��*t Vienna.

��Concerto for PF. and Orchestra, No. 4, In Q (op. 56).

Do., do., No. 5, in Eb (op. 73).

Sonata for FF. solo, ' Les Adieus, L' Absence, et le Betour,' in Eb (op. 81 a).

PF. arrangement of Fidelio (op. 726).

Sonata for PF. and Cello, In G (op. 96).

��by him have been preserved to testify to very considerable taste and skill in that art.

A son of his, for thirty years past a well- known contributor to the German musical pe- riodical press, still living (1881), possesses an oil portrait of his father. It shows a rather intellectual face, of the Hapsburg type, but its peculiarities so softened as to be more than or- dinarily pleasing, and even handsome. 3

The Archduke's published works are the two alluded to above : Theme by L. van Beethoven, with 40 variations for PF. solo (Haslinger) ; Sonata for PF. and clarinet, op. 2, in A (Has- linger).

Those dedicated to him by Beethoven are as follows a noble assemblage

Trio for PF.. V., and Cello, in Bb (op. OT).

Grand Sonata for the Hammer- klavier. In Bb (op. 106).

Canon. 'AllesGute.'

Mlssa Solennis. in D (op. 123).

Grand Fugue for Quartet (op. 33), and 4-hand arrangement of ante.

Song, 'Gedenke niein. 1


RUDORFF, ERNST, was born in Berlin Jan. 1 8, 1840; his family was of Hanoverian ex- traction. At the age of five he received his first musical instruction from the daughter of Pro- fessor Lichtenstein and god-daughter of C. M. von Weber, an excellent pianist and of a thoroughly poetical nature. From his twelfth to his seven- teenth year he was a pupil of Bargiel in PF. playing and composition. A song and a PF. piece composed at this period he afterwards thought worthy of publication (Op. 2, No. I ; Op. 10, No. 4). For a short time in 1858 he had the advantage of PF. lessons from Mme. Schumann, and from his twelfth to his fourteenth year learned the violin under Louis Ries. At Easter, 1857, he entered the first class of the Friedrichs Gymnasium, whence at Easter, 1859, he passed to the Berlin university. During the' whole of this time his thoughts were bent on the musical profession. When Joachim visited Berlin in 1852 Rudorff had played before him, and had made such a favourable impression that Joachim advised his being allowed to follow the musical profession. His father was at first op- posed to this, but at length consented that he should go at Michaelmas, 1 859, and attend the Conservatorium and the University at Leipzig. After two terms of theology and history he devoted himself exclusively to music, and on leaving the Conservatorium at Easter, 1861, continued his musical studies for a year under Hauptmann and Reinecke. The summer of 1862 he passed at Bonn, and returned to Berlin without any fixed employment beyond that of cultivating his musical ability. Stockhausen was then conductor of a choral society at Hamburg. Rudorff went to him early in 1864, conducted those of the Society's concerts in which Stock- hausen himself sang, and finally made concert tours with him. In 1865 he became professor at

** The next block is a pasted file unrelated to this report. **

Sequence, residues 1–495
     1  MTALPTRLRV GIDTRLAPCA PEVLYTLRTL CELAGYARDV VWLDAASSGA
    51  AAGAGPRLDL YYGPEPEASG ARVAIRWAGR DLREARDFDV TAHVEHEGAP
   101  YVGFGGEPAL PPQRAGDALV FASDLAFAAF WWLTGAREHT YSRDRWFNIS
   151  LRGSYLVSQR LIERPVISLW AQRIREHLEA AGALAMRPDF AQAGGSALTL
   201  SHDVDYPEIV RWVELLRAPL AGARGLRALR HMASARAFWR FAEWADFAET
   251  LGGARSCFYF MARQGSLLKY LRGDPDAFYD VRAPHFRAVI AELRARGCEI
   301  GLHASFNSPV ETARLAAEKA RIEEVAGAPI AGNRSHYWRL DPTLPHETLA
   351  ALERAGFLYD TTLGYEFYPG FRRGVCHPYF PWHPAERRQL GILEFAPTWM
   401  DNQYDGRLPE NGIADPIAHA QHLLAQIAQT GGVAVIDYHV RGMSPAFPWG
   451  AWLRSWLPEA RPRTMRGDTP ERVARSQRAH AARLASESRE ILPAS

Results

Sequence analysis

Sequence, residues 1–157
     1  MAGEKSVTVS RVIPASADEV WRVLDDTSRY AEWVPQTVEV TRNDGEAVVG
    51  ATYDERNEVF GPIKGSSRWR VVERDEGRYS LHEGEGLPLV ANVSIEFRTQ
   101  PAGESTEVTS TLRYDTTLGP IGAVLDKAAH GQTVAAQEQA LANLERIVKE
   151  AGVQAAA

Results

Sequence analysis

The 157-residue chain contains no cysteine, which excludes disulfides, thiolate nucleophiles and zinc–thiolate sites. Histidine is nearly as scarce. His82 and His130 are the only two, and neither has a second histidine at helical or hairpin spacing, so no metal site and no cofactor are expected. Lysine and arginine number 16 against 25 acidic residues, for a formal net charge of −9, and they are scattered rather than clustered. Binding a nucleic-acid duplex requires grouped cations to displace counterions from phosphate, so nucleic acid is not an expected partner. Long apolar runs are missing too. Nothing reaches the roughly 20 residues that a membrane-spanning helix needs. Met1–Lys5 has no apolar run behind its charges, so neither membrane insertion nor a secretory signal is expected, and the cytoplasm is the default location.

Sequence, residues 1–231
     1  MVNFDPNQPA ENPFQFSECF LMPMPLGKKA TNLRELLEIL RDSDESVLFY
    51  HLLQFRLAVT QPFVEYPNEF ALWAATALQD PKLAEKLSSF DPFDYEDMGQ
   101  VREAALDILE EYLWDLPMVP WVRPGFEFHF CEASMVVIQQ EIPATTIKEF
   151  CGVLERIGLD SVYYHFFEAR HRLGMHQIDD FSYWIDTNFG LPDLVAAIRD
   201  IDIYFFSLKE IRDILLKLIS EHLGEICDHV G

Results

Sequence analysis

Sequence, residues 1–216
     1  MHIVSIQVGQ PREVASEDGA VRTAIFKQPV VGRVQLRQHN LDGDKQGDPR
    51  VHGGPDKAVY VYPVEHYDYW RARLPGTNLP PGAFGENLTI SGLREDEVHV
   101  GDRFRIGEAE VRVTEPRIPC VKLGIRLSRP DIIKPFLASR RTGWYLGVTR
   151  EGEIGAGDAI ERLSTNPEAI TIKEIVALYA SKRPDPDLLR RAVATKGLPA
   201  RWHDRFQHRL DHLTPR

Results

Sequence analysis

> For a more detailed notice see the ' Musical World ' April 2, 1881.